That 1 minute walk is pure torture no sooner has breathing calmed down sufficiently to swig water than the garmin beeps at you to start up again.

I’d happily have ignored it’s little beeps and followed the beat of my own drum but Lynn was with me and she’s not a quitter. I’m leaving her at home next time. I was shattered at the end.

I got home, slipped into my ice bucket and that was it for the next 36 hours.
Completely crippled again. I was forced to drag my sorry body around the house on my hands and knees and could only handle the upright position with the aid of my long discarded hiking poles.

Square one again.

The Stick and Other Methods of Torture

The Stick and other methods of torture

I’ve been using The Stick ever since I suffered with a painful muscular injury to my hamstrings.

It has a very simple design – a slightly flexible plastic stick around which a set of plastic spindles can independently rotate. It is these spindles that work on your muscles to ease out knots and release tension.

It’s extremely effective and a superb substitute for daily massages for those not lucky enough to have a full time masseuse on hand.

You can use it almost anywhere on the body but I have found it particularly useful for the larger muscle groups such as the calves, quads, hamstrings and buttocks. It can be incredibly painful when you first start using it but you can control the pressure and it’s amazing how quickly the muscles loosen up and stop screaming.

I came across the Posture Pro and Footeez at the The Running School, I was just preparing for a high intensity blast on the treadmill but I was suffering from a niggling cramp in my calf. I was quite concerned that I was going to do myself a mischief so the running instructor had me sitting on the floor with the blue nobbly gadget under my calf. The trick is to roll back and forth using your body weight to apply quite forceful pressure to a defined spot. I found it to have a miraculous effect, clearing the knot within a minute or so. I bought these two the very same day.

I find that The Stick is ideal for routine treatment as a preventative measure while it is worth rolling out the Posture Pro when rapid remedial action is required. The Posture Pro does take a little bit of getting used to and is tricky to use without giving you carpet burns on your buttocks as you roll to and fro.

The Footeez is similar to the Posture Pro, another knobbly hard plastic cyclinder but is specially shaped for foot rolling. I use the two interchangeably to relieve the pain of plantar fasciitis. The podiatrist recommended the use of a golf ball for focused massage of the PF which is a far more economical method but I find it quite irritating. It’s hard to apply sufficient pressure to the heel region without the golf ball shooting out from under your foot and scuttling across the room. I soon get bored of retrieving it.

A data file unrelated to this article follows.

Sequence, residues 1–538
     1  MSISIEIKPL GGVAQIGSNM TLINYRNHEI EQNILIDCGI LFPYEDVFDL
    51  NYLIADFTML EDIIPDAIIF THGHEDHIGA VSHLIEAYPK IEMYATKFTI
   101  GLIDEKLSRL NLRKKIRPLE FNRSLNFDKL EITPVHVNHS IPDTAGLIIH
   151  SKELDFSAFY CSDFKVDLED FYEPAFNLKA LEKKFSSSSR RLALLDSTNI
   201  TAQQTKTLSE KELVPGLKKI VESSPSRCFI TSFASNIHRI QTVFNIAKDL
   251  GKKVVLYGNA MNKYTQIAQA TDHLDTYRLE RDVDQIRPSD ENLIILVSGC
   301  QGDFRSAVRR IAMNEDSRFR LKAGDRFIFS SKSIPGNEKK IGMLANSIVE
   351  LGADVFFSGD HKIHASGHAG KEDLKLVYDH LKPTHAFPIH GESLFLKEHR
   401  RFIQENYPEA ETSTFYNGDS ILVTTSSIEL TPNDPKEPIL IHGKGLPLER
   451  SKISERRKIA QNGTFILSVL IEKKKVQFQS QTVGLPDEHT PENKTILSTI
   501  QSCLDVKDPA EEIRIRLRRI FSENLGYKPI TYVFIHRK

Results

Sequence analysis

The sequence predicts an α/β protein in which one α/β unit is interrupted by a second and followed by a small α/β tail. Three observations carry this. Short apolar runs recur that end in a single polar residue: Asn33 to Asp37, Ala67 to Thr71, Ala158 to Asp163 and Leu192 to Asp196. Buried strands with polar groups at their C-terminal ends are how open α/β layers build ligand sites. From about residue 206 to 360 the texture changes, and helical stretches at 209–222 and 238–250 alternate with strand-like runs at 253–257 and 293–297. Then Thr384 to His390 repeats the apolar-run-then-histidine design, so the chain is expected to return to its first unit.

Pool Running for the Injured

pool running

The enforced running respite has resulted in a very slight improvement to my plantar fasciitis pain so I’m motivated to keep up with the recommendations from my podiatrist.

I’ve stuck to the stretches, swapped the running with cycling and been wearing the temporary insoles in my trainers. The only remedial action left to tick off is pool running or aqua jogging.

I hunted around for aqua jogging classes in the local pools but couldn’t find anything at all. I imagined groups of frustrated (ex)runners bounding up and down the lanes.

A couple of weeks ago I found myself next to an empty exercise pool while on a weekend treat at the Sanctuary. The opportunity was too good to lose so I dropped in, grabbed one of the buoyancy tubes as substitute running belt, and attempted the run motion.

I now know why there was a distinct absence of organised pool running groups – this is definitely a solitary experience. You bob around mostly on the spot and may as well tuck yourself away in the corner of the deep end and try not to raise too much concern as you flap away in a frustrated doggy paddle.

I attempted a few different styles with the body either upright or sloped and felt as though I was either cycling or swimming but not running. I discarded the flotation aid to see the affect of adding some realistic arm action. I bobbed around, just millimeters under my nostrils and managed 20 mins without drowning.

It was by no means as exhausting as running, I was exerting myself but I could hold a conversation whereas I can barely gasp out a greeting when I run on land.  You do move a little bit so its not entirely on the spot running. I was circling a pillar in the middle of a pool and it probably took me 4 mins a lap. The scenery didn’t get any better but I suppose treadmill runners are used to that sort of drudgery, a waterproof mp3 player would have helped.

It was moderately satisfying and helped delay the stir crazy impulses but by golly its boring.

Plantar Fasciitis and General Running Woes

My running outlook is looking grim again but I’m not completely despondent. I feel the opportunity for experimentation. The sort of experimentation that probably got me into this mess in the first place but blogging fodder nonetheless.

I’ve just been to see my latest running guru and as expected it has resulted in yet another path opening up to me. Another path for me to hobble along and bemoan the runners curse that is plantar fasciitis.

Why don’t experts ever agree?

Of late I’ve dabbled in normal running and then barefoot running of both the truly barefoot and the partially shod variety. I’ve crosstrained, army trained, occasionally weight trained and swung kettle bells to destruction.